What do you think?

November 16, 2008

Editor's note: Each week, The Herald-Mail invites readers to answer poll questions on its Web site, Readers also may submit comments about the poll question when voting. Each Sunday, a sampling of edited reader comments will run in The Herald-Mail.

Last week there were three poll questions.

The first question was: What should be the first priority of President-elect Obama's administration?

"Reviving the economy is the most important issue.The war in Iraq has already wound down and is showing signs of ending and we won. We cannot address health care because it could damage the economy further due to the high cost of socialized medicine. Promoting bipartisanship will never happen and our global image will not change ... it was only a campaign ploy to get votes."

"Without question, the repeal of the Federal Reserve Act should be the No. 1 priority. It would be a modern-day Emancipation Proclamation, setting free the working men and women from their chains of bondage. Freeing those who have been enslaved from birth from the rancor of usury."


"The new administration should have many top priorities. The extent that the Bush administration weakened the country is impossible to comprehend. I am thankful that we finally elected a president who may be up to the job. I am keeping my fingers crossed and praying that the new administration will have enough time to take some corrective actions before disasters strike."

The second question was: What more can be done to honor America's veterans?

"By upholding the Constitution and the ideals that our forefathers created when they fought for independence over 200 years ago. Our veterans fought for our ideals and freedoms and we should do our best to hold on to that. We need to protect our freedoms and follow our Constitution and not tarnish what all of our veterans have done for our country. We also need to take care of our veterans and make sure their needs are taken care of."

"The only answer is improving health care benefits and services. Since some people around here do not think there is a health care crisis they should start think about how poorly the vets are being treated by government hospitals. Perhaps a better way is how the vets are not being treated. Poor conditions, lack of specialized doctors to treat vets. Lack of equipment or rehab to care for the severly wounded."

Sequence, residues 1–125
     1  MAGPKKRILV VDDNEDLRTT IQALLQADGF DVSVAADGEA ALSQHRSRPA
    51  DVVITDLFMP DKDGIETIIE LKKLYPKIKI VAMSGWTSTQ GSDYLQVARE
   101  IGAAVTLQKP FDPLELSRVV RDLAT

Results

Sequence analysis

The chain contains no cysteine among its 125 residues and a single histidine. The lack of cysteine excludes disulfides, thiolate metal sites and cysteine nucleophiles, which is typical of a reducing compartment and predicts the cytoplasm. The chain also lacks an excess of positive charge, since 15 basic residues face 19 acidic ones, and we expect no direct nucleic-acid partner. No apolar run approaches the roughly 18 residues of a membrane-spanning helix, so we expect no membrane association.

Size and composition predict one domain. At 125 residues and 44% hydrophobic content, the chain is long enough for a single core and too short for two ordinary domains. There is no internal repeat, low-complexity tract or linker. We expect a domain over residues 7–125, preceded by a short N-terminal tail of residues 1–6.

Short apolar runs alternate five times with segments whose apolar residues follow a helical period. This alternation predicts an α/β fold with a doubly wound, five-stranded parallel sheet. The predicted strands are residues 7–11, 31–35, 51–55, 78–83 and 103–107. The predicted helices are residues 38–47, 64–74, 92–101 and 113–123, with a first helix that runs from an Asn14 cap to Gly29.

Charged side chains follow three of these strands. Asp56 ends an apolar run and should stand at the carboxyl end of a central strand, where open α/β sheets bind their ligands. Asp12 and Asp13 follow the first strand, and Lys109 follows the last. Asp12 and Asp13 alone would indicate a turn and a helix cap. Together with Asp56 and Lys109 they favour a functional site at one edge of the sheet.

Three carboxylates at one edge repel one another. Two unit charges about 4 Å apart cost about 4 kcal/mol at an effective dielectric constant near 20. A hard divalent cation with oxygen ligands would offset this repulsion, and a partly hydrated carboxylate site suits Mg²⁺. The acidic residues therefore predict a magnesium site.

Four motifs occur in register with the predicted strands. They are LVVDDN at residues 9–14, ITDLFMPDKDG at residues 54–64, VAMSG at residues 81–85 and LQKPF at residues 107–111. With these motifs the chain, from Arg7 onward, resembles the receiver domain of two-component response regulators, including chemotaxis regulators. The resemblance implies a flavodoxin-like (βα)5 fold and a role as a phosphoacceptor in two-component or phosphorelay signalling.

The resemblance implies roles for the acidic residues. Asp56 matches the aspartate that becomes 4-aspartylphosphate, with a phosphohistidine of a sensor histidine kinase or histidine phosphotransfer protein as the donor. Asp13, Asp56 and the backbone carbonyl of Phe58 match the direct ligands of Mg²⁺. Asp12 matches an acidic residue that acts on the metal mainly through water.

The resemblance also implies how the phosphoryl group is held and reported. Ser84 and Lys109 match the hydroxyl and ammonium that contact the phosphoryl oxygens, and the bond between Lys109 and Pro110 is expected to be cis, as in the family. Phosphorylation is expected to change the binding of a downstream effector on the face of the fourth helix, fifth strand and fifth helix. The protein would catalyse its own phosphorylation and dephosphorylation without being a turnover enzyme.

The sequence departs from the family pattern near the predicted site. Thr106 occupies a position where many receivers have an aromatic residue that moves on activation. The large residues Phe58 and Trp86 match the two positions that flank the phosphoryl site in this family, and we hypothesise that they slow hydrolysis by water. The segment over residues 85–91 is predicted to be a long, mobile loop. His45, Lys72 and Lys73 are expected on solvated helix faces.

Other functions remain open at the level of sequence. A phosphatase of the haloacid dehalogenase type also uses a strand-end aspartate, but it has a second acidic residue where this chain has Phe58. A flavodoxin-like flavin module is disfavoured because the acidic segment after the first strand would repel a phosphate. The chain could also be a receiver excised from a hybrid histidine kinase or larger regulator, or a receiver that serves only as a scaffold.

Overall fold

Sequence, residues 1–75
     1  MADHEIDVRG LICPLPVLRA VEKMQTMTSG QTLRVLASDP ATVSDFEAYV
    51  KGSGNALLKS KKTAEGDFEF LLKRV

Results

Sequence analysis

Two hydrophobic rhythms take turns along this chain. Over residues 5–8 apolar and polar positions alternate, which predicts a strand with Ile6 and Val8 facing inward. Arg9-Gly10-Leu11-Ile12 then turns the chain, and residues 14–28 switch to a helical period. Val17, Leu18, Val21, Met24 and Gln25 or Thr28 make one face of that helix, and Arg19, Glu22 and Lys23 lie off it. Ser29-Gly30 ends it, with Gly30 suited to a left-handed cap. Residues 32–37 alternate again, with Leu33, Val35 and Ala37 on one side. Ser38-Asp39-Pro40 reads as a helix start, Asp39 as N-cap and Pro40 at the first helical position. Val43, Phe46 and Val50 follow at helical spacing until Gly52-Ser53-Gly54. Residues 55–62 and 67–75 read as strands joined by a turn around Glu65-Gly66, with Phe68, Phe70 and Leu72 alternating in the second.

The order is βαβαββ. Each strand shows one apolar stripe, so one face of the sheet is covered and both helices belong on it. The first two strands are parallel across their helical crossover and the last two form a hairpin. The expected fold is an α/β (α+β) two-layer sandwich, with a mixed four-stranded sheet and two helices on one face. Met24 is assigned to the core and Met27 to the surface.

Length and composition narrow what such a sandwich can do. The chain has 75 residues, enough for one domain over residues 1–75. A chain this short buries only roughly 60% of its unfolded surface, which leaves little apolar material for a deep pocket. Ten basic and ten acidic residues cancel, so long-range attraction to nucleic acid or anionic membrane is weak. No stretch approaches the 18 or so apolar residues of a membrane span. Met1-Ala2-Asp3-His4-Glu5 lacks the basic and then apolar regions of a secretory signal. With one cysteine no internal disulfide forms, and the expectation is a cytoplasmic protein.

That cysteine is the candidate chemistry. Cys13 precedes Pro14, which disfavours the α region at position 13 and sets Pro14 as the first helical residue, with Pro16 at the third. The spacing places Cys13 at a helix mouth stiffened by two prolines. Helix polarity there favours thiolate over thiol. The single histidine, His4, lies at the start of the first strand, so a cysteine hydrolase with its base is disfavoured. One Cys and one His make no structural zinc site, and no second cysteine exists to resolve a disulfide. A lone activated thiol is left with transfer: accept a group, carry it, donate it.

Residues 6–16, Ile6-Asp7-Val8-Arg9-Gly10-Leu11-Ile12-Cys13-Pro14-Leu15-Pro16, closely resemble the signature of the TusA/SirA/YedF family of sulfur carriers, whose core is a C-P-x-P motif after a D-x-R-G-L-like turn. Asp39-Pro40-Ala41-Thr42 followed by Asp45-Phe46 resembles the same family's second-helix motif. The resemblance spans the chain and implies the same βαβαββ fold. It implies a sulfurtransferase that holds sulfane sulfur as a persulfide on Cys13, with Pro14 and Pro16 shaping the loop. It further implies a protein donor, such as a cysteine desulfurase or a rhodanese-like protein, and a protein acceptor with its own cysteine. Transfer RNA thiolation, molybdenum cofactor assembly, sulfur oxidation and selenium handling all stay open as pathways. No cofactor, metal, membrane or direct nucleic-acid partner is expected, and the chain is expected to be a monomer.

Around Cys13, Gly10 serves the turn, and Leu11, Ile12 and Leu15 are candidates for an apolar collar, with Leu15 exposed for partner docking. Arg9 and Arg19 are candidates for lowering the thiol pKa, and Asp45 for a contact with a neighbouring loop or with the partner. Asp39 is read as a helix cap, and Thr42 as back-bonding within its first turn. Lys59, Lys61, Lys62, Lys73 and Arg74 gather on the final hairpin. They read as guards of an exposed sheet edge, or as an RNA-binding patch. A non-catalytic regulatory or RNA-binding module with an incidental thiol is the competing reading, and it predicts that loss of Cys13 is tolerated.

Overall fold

"We need to do all we can to support our veterans. If it weren't for their sacrifices we would not be free. Now that we are once again at war, it is vital that these young men and women that are coming back from service be given the utmost level of care and support."

The third question was: Should Congress approve a financial bailout for the U.S. auto industry?

"Yes, the big three have made their share of mistakes, but the inpact of losing any or all of these companys would be teriffic, there would be a trickle-down effect to so many other bussinesses in this country, costing millions of already needed jobs. ... Where is the tax base going to come from when we no longer have the jobs to tax in the first place? We need these companies."

"Here are three companies that for decades failed to produce cars that were well designed, well produced and exciting to look at, that fought tooth and nail against efforts to require greater fuel efficiency and, until recently, did too little to bring wages, benefits and retiree costs in line with competitive realities. And while they whined for years that it was unfair trade that put them at a disadvantage, Toyota, Honda, BMW and other foreign transplants came along to prove that it is possible to produce quality cars at affordable prices in U.S. factories while offering decent wages and benefits."

"I have a question. Who is going to bail out the U.S. government?"

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